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Based on the book of the same name by Frank Yerby. Pietro is an orphan who is raised by a family friend in 15th century Italy. When the friend is killed by the same nasty baron who murdered Pietro's father as he led the peasants in revolt against the baron's tyranny, Pietro vows vengeance against the entire family. This will prove difficult, since he's been in love with the daughter of the nasty baron since he was a child and wants to marry her. Written by
Marta Dawes <firstname.lastname@example.org>
Like the Saracen Blade, Castle always just bounces back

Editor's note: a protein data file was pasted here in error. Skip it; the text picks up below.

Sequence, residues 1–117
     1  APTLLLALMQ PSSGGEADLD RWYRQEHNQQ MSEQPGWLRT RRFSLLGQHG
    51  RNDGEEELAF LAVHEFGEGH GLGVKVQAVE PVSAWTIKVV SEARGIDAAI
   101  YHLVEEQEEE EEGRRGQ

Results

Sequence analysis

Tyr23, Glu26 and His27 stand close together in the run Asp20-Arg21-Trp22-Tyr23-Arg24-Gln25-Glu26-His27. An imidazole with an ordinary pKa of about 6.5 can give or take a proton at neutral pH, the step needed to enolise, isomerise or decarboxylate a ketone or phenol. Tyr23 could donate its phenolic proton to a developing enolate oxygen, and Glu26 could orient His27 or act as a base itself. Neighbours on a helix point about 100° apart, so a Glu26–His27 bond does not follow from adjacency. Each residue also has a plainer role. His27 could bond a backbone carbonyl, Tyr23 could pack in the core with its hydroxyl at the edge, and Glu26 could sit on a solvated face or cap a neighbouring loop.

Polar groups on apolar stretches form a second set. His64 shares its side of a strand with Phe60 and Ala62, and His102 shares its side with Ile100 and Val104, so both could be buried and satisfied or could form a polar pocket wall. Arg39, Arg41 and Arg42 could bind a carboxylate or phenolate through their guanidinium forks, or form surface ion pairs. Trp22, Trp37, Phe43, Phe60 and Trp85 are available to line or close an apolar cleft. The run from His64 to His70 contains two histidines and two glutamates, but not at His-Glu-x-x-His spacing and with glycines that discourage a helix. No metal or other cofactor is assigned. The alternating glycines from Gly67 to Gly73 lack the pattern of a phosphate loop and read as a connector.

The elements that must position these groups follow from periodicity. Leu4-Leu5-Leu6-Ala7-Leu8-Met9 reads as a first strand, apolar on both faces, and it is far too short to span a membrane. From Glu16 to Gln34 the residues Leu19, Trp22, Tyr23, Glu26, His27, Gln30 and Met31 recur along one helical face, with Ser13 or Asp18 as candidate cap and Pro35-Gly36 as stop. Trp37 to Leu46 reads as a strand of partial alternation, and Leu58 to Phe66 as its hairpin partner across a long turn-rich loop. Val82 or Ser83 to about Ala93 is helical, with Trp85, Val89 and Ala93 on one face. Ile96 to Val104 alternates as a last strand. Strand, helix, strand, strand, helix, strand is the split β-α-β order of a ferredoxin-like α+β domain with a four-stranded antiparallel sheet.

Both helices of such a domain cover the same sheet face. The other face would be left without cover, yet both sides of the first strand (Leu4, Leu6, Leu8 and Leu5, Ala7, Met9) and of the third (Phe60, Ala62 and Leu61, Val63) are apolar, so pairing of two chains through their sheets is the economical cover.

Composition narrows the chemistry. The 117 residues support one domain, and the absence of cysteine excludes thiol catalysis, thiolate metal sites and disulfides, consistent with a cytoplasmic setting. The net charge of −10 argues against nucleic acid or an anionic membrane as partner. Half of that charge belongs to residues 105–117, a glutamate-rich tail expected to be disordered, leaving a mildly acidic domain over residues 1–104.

Like other films in this era of Katzman-Castle production, The Saracen Blade puts an emphasis on tableau (symmetrical composition of mise-en-scene within the framing of a static camera positioned with frontality as the dominant). Castle outdoes himself this time as he adds a new element to his beleaguered stylistic system - suture! The shot-reverse-shot editing system is not only naively constructed and overt, but poorly employed with relation to the plot progression. As a result, there is a stagnant pace. I pity that a talented director such as William Castle found himself compulsively alternating between two stylistic systems for different films. The Saracen Blade is a 1954 release - and one of eight Castle films released that year! If the authorial voice seems mute perhaps it was a result of the man being overworked. The script doesn't help as the narrative is relayed with tweenish 'dear-diary' precision and crossing-guard intuition. If only this film wore a bright reflective 'X' it might become self-aware and develop a set of compensatory unique qualities. As it stands, the film hunches and then limps. Despite each sequence taken individually having the flavor of a bad porno, there is no passion infused into character relationships. All the characters seem sickeningly smug about the conflicts that befall them. But fear not, for Castle would soon break free from a bunk system of mechanical and mass reproduction in the guise of historical action-drama storytelling in order to forge the better parts of a stylistic system that he had been struggling to express for most of his career (When Stranger Marry had established most of the elements).
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